Tag Archives: mobile broadband

Tired of 5G hype? Refresh yourself with 6G speculation

by Steve Blum • , , , ,

Samsung 6g

While AT&T, Verizon and T-Mobile squabble over each other’s claims of 5G dominance and their theories of 5G Evolution, it’s a good time to pause and reflect on how nothing changes in the mobile business. They had the same fights over 4G and they will do it all over again when 6G arrives.

Yes, 6G.

Expect to hear more about it in the not too distant future. 6G is undefined now, but there’s an assumption that it will be developed over the next 10 years, and that it will be something like total immersion in a sea of data.

FCC commissioner Jessica Rosenworcel talked about 6G at the Mobile World Congress show in Los Angeles a couple of years ago – the first time I heard someone try to define it. She described it as continual network densification. Samsung calls it “hyper-connectivity involving humans and everything”.

5G technology is all about network densification at the city block and factory floor level. 6G will be about densifying networks at a personal level.

6G development is likely to take the diverse development path that 4G took, rather than the internationally coordinated standards setting process that led to 5G. It’ll be developed by bits and pieces over the next ten years, and then eventually bundled into a package with a 6G label on it. As with other technologies, initial attempts might be for military applications. Technology that allows troops, equipment and weapons to be continually and comprehensively linked to AI-class analysis, command and control would be a game changer.

It’s not simple connectivity, of any generation, that’ll make the difference. Superiority – military or economic – will be gained or lost on the basis of the applications, data and devices that use it. 5G’s potential has barely been tapped and there’s a lot of work that has to be done before it runs out of steam.

But, ya know, 5G is so 2020.

Phone service is phone service and emergency obligations apply regardless of technology, CPUC decides

by Steve Blum • , , , ,

Telephone companies have to follow disaster readiness and response rules laid down by the California Public Utilities Commission, regardless of the technology they use. That’s the CPUC’s opinion anyway. In a sharply written unanimous decision published yesterday, commissioners rejected challenges to telephone (but not broadband) emergency response obligations that they imposed on incumbent telcos, cable companies, mobile carriers and VoIP providers alike last year.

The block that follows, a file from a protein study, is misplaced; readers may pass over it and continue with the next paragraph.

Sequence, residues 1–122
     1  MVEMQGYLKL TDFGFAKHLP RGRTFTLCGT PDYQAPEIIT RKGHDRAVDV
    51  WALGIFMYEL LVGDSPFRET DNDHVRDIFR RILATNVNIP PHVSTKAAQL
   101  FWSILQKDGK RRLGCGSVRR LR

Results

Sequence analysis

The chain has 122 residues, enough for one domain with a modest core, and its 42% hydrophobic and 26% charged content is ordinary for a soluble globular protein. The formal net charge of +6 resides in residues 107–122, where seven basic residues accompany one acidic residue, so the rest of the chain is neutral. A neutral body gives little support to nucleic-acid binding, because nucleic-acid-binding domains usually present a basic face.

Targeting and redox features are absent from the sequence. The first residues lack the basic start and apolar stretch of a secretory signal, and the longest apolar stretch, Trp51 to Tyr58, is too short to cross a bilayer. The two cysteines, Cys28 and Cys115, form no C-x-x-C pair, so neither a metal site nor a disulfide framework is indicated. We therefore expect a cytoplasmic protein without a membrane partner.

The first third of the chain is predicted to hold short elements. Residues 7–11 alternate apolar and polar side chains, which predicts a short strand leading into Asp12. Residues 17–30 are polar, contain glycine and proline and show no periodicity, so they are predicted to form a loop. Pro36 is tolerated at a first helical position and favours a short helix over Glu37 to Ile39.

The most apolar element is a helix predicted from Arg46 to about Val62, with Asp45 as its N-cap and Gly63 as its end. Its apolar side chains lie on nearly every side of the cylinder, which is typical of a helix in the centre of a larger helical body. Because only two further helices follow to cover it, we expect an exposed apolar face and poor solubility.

The regulatory logic that underpin those obligations also formed the basis for the CPUC’s initial response to the covid–19 emergency and the disaster resiliency standards for communications services that it recently adopted. The same cast of characters are fighting those edicts using similar arguments, so yesterday’s decision is both a good indication of how the commission will respond and how it will defend itself when the fight moves to federal courts, as it surely must.

AT&T, Charter Communications, Comcast, Frontier Communications and their lobbying front organisations claimed, among other things, that the CPUC’s disaster relief requirements were preempted by federal law because when phone service is delivered via 21st century voice over Internet protocol (VoIP) technology instead of 19th century copper wires and exchanges it magically transmogrifies from a telecommunications service to an information service.

Not true, the commission said. First of all, a federal court has already determined that telephone service is defined by the service provided and not by the technology used…

As the Court’s analysis demonstrates, the phrase “to facilitate communication by telephone” encompasses services beyond traditional landline service if the service facilitates “two-way communication by speaking as well as by listening,” regardless of the “[t]he exact form or shape of the transmitter and the receiver or the medium over which the communication can be effected.” Wireless service and VoIP service both facilitate two-way communication by speaking as well as by listening.

Second, while generally upholding the Federal Communications Commission’s repeal of network neutrality rules, a federal appeals court in the District of Columbia said last year that there’s no blanket preemption of state regulation of information services…

The [D.C. appeals court]…presents a more reasoned analysis, which preserves state authority over consumer protection matters that the FCC has either no authority to preempt or where no actual conflict exists. [It] supports the Commission’s consumer protection efforts in the Decision. Therefore [the telco and cable company] preemption argument fails.